Myths and Facts about China – Dog-Eating

You have the right to feel uncomfortable about anything, but don’t be sanctimonious.


First off, dog eating – yes, that is a fact. Although not common, it is practiced, and thousands of dogs are killed each year. Before you jump in to condemn it as an abominable crime against human’s best friends, one quick question: are you a vegan? If the answer is yes, that you condemn all forms of torture and slaughter of animals equally, you have my deepest respect. I agree that animals deserve better, and we have no right to subject them to human will, but I confess it is my weakness that I simply don’t have the will to eliminate all meat product from my menu permanently.  But if you feast on animal flesh no less than I do, be it turkey, pork or beef, and you are appalled by the idea of dog eating –  that is the textbook definition of hypocrisy.

You may find it difficult to stomach the thought that the animals that are frolicking in millions of people’s households, enjoying every right as the beloved member of the family, are caged in tiny cells to be slaughtered and served on dinner tables. Well, so do I. But does the death of a hog, which is an even more sensitive animal than a dog, strike anything in you at all? Many hogs live in even more deplorable conditions than dogs, subject to prolonged torture and overfed each day just to be slaughtered for their tasty flesh.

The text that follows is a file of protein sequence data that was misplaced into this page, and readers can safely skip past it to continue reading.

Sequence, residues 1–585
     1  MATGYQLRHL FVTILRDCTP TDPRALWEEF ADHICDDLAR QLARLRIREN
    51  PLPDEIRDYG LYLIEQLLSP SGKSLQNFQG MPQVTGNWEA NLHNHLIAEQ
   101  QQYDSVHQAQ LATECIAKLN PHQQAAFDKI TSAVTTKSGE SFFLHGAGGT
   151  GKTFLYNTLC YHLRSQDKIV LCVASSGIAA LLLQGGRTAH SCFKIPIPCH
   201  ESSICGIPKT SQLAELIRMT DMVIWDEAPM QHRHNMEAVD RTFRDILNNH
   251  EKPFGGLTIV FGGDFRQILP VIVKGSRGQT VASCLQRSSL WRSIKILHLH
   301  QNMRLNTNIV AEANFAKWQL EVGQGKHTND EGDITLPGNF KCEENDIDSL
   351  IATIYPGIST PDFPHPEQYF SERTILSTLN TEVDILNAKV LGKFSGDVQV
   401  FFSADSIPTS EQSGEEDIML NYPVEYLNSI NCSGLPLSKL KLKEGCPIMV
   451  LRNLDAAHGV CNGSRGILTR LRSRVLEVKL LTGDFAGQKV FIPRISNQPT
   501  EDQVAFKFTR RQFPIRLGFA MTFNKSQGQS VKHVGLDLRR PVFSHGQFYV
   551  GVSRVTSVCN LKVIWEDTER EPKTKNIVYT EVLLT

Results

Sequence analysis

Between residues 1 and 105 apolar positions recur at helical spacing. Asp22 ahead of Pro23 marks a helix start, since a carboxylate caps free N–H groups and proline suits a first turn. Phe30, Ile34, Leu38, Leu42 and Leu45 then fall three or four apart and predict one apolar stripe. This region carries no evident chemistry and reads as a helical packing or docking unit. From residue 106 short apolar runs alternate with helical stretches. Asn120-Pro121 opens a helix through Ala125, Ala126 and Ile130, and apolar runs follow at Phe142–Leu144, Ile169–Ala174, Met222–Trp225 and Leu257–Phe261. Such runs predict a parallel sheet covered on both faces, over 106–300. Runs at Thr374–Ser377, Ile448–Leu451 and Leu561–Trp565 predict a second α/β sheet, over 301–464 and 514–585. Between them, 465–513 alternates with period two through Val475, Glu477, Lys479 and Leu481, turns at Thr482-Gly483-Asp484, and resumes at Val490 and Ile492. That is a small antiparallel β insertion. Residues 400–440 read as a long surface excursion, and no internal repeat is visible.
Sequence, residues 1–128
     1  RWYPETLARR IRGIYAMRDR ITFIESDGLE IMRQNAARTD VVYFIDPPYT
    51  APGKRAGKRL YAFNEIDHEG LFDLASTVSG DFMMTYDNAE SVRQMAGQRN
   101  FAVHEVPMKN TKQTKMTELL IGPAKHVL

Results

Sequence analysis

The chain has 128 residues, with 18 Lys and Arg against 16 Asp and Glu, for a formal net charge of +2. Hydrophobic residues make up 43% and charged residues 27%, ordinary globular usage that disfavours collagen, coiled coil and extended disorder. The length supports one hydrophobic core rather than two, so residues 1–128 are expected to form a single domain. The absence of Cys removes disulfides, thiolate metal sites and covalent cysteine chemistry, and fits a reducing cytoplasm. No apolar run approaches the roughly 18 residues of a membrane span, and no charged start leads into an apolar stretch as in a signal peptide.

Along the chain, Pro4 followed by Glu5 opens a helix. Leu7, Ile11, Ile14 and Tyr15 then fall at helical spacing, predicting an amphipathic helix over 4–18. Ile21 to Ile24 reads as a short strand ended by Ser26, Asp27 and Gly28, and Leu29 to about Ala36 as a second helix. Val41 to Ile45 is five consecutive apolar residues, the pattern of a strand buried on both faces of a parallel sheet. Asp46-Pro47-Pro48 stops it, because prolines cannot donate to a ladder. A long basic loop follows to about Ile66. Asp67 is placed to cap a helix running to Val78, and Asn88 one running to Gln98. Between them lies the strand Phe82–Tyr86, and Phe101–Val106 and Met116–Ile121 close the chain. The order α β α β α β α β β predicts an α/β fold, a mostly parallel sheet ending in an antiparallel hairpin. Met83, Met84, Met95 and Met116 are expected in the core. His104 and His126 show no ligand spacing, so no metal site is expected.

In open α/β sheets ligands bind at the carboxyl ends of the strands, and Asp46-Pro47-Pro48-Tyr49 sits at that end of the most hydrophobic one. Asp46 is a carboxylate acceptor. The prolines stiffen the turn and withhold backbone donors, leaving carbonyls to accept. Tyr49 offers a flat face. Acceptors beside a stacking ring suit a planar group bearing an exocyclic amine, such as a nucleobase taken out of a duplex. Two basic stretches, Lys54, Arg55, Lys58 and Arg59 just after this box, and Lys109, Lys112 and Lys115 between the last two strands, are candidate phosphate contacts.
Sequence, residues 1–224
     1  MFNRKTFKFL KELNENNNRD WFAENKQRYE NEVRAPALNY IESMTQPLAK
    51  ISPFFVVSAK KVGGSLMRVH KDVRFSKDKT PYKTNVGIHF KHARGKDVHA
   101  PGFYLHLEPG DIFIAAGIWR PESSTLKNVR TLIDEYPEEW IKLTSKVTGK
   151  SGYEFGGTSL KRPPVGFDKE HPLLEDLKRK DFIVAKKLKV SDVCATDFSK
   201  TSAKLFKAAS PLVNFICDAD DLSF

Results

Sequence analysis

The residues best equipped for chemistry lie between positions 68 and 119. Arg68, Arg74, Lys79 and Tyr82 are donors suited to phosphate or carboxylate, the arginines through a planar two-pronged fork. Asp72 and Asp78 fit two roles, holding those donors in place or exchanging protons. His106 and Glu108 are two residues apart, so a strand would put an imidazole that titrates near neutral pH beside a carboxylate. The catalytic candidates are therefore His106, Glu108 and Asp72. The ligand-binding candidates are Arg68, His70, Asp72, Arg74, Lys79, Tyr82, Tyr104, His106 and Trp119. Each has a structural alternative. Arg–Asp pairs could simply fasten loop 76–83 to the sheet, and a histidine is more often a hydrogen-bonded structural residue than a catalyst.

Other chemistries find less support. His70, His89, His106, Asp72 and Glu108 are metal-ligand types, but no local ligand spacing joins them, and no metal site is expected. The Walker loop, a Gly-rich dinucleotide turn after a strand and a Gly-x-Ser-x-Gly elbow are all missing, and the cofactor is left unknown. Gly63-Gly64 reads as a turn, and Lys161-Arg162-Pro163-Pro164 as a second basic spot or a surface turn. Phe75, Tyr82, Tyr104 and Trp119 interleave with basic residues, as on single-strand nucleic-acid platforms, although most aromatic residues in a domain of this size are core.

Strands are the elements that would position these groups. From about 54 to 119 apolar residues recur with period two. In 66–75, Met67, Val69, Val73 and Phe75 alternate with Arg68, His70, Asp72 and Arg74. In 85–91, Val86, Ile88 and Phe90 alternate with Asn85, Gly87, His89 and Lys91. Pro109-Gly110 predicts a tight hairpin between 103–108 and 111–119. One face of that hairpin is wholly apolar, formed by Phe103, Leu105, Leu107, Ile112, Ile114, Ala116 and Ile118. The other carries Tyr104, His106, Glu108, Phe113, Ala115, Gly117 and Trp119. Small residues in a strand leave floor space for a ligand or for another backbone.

In fairness, China’s per capita meat consumption is only half that of an average US citizen. But surely dogs deserve better – they have been humans’ loyal friends and servants for thousand of years, and what have pigs ever done to even compare with that? Dogs are indeed known for their benevolent and servile nature, which was cultivated when humans began to domesticate them from savage wolves, crossbreeding them excessively for their cuteness and servility, until they have lost the ability to survive in the wild on their own and have to rely on their masters. It is the most successful enslavement. Maybe they are happier as pets than as wild animals, maybe they are not, there’s no way to find out. What we do know is that in domesticating them we have assumed the role of a superior being, taking our ability to force our will on nature as justification for our right to do so. It certainly would be cruel to strip them of their natural instincts only to feed on them, but then again, the people that eat dogs today are not the ones that domesticated them in the first place. So what makes dog eating different from eating other species of animals is exactly the kind of human arrogance that presumes other animals should naturally be subject to our will. Ironic isn’t it